He squatted down against the log and pulled his hood up to make a rough shelter against the rain and rolled a one skinner and lit it. Then, as though it wasn’t raining at all he stretched out his legs and leaned back. He might have fallen asleep if a solid trickle of rain hadn’t run off his hood and puddled on his belly. He folded over, hacked a lazy cough, stood up, shook out his top and stared at the river. A few seconds later, he’d stripped off down to his underpants, wrapped everything in his waterproof and rammed it all under a nearby root.

The way the water flowed into the shallow pools of his collarbones and wrapped around his neck sent a thrill right through him. He tried to make his breath steady and smooth, suppressing the occasional sharp gasp of hysteria. As he moved a little way from the bank the water picked up pace, needles of rain stung his face. He grabbed a twisted hazel branch above his head with both hands and wrestled with it until his arms ached. Trillions of tiny silver splashes steamed hypnotically and he half-closed his eyes. And then he let go and his feet lost their hold. He lunged up and back but the branch was out of reach. Over and again he kicked upwards searching for a handhold, but he was weak with dope, his eyes blinded by water and in the end there was nothing to do but go with it and paddle. The bank raced past, a low slung branch caught his shoulder – he barely felt it. A row of those damned willow came and went, the oak with the rotten middle. Everything went spinning past. He began to urge his arms and legs to pull and push until at last some kind of regular pattern emerged. It felt like an hour, but it was only a few minutes before the river slowed into a broad pool. He stood up at last and pushed himself forward with long swaggering strides. He blew great plumes of water into the air and shook himself and saw it cascade off his skin and it was beautiful.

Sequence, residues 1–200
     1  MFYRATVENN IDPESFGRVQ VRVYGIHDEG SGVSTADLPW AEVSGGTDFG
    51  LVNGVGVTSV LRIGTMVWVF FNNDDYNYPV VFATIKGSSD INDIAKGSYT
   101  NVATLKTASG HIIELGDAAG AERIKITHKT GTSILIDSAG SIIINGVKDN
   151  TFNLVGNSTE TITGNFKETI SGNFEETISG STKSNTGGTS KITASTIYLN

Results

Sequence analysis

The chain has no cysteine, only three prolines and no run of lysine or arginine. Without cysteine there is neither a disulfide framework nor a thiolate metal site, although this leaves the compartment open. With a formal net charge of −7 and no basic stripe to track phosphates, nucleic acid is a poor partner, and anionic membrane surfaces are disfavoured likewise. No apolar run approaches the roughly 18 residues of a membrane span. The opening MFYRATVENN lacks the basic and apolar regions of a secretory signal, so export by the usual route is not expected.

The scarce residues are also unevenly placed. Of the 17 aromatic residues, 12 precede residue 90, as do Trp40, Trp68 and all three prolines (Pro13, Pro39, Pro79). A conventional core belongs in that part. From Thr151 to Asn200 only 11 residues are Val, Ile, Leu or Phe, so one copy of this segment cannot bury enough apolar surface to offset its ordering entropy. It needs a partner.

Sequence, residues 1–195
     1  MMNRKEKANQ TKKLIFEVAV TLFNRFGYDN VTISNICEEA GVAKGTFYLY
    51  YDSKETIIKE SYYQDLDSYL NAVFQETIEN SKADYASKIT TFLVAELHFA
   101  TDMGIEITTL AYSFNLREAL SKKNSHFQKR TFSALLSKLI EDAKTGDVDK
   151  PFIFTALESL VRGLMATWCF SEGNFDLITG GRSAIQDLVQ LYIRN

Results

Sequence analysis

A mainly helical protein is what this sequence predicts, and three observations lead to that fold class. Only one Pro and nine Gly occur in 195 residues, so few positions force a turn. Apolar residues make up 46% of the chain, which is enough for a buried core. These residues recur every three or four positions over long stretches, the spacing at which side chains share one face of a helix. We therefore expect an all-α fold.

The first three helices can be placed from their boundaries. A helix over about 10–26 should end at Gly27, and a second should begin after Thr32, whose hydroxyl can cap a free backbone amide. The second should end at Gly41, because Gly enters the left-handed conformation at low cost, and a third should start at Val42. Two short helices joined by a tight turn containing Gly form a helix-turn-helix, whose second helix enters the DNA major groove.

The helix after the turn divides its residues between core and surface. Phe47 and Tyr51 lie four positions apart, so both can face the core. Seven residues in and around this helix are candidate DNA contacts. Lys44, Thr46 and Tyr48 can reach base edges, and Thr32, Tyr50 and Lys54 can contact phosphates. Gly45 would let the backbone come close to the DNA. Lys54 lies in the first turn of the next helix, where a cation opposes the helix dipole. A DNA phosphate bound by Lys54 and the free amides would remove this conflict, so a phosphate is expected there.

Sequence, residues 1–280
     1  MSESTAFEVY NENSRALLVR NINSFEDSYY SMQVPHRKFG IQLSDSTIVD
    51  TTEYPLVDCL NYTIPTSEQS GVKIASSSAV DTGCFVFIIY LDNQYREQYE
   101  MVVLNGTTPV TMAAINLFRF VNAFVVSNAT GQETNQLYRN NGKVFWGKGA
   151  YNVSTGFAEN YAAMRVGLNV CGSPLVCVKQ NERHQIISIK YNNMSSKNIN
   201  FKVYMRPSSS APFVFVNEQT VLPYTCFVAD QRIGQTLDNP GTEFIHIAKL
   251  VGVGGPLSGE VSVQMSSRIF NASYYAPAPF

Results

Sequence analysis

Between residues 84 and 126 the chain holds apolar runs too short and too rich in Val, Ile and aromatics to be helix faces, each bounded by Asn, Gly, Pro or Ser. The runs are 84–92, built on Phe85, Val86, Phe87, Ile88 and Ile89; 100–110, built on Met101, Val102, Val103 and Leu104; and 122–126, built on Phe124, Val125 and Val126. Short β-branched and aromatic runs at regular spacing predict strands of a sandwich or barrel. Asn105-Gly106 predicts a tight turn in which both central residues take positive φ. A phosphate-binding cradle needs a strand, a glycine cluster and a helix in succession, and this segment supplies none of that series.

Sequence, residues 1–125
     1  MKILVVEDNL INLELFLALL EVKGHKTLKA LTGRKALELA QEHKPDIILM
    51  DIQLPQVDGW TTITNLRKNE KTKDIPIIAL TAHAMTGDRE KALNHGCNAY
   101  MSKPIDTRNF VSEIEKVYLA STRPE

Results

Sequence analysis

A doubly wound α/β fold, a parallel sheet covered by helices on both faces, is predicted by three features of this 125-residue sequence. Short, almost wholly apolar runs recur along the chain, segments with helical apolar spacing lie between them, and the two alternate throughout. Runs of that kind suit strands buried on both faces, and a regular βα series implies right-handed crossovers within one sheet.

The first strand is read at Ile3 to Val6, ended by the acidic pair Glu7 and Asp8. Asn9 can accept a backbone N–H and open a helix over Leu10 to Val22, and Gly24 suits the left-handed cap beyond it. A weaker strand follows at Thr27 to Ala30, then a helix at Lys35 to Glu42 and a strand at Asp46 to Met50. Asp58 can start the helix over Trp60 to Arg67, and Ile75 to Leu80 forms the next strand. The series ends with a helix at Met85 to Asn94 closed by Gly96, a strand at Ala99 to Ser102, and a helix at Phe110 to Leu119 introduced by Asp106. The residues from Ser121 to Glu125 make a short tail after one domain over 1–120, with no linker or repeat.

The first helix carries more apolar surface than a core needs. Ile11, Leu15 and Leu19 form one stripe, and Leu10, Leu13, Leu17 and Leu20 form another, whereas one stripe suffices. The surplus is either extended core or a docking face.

He pulled himself onto the bank, lay down, stuck his tongue out and caught the tingling rain.

He must do it again, go back, do it again. He stood up. His legs felt weird. He felt weird. He was changed. He could swim! He dropped into a press-up position and pumped: up down up down. And after a few burning minutes he rolled onto his back and started giggling. It wasn’t a wish any more – it wasn’t a hope. Sometimes over the past week he’d touched the bottom, just the faintest unacknowledged push, but now he remembered each and every cheat with the condescension of the expert. This time there was no hesitation – he walked back up the river and with only the very smallest gasp, lowered himself into the water and found his hands and feet more than ready and eager to paddle and loop and kick.

Heaving himself from the water a third time, Brian stepped up from behind a tree and offered him a hand. Liam stared, eyes widening. The other two were leaning casually against the crowding trees. Liam heard a camera shutter snap and the triumph of the previous moment transformed into humiliation: he knew what he had looked like in his underpants, a child taking his first struggling strokes, a prick.

Ignoring the hand he pulled himself onto the bank, twisting as he sprang up to face the river, feet still in the water, conscious now of the spots on his back and his exposing boxers.

Brian and Shawn and Dougie dropped tight beside him, ripped off their socks and shoes and flung them over their shoulders like grenades. The steady rain dripping from the trees popped and crackled like distant gunfire.